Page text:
The T92 dates back to the beginning of the Cold War, when the US military was busy updating its arsenal of Second World War-era weapons to more modern-day equipment. With the Korean war now in the rear-view mirror by the mid-1950s, the US Army finally had some breathing room to sit down and take a long, hard look at some of its more antiquated weapon systems, particularly light tanks.
The M41 Walker Bulldog was one of the US’ first post Second World War light tanks, intended to replace the M24 Chaffee. Unfortunately its development was accelerated by the Korean war, and the resulting tank was not as light and small as the Army had hoped
Such sentiments forced the US to continue its search for a proper light tank.
Army leadership turned to the US defense industry to propose a vehicle that had the firepower and armor protection of the M41, but a lighter weight and with a much smaller silhouette. Several companies put forward designs, all competing for this lucrative government contract.
Eventually, the most innovative design by Aircraft Armaments Incorporated, known as AAI, won out. The Army hoped that its unique design features would propel American light tank technology well past anything the Soviets could produce.
However, startling information about a potentially better Soviet light tank eventually forced Army leadership to abandon the project due to outside political pressure.
Because the Korean war had forced the acceleration of the M41 Walker Bulldog program, the Army knew that it did not fully meet their needs. Even before the first M41s became operational in 1953, the US Army Ordnance Committee approached the defense industry with an inquiry into the M41’s replacement.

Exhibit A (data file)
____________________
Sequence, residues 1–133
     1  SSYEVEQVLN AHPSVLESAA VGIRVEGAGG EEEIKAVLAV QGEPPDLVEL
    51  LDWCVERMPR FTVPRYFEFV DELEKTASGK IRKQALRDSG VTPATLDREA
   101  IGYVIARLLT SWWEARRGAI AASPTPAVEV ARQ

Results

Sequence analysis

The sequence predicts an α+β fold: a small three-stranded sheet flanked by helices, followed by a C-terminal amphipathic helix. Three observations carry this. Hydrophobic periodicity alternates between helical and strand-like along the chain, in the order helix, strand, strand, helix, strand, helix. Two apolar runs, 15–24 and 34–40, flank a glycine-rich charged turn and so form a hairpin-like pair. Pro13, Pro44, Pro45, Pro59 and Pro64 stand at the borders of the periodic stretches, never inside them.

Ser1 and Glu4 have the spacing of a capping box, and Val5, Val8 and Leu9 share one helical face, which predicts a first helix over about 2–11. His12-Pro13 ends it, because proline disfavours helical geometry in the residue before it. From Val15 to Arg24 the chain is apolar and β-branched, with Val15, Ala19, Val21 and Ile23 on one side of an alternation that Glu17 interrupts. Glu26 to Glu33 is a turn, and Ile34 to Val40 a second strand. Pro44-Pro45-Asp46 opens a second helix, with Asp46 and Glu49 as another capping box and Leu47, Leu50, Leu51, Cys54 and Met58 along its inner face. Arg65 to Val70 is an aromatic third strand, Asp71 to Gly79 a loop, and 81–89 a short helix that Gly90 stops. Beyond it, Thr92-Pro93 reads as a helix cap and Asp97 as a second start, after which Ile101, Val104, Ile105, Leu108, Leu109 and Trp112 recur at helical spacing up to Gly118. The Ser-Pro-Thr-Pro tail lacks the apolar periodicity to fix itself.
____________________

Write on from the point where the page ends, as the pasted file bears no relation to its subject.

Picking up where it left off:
The Army stipulated that the tank could weigh no more than 20 tons, with a preferential weight of about 18 tons, and must sport the same 76mm gun as the M41. Over the next year, numerous companies worked on design concepts, but by July 1953, the Army chose the top three contenders for the project.
The first one was the Detroit Arsenal. Its design was rather unassuming, with the exception of an oscillating turret. The Detroit design did have the advantage of having the largest ammunition capacity of the three with 76 rounds on board.
However, for unknown reasons, the Army scrapped this design and told General Motors and AAI to continue developing their proposals into full-scale models.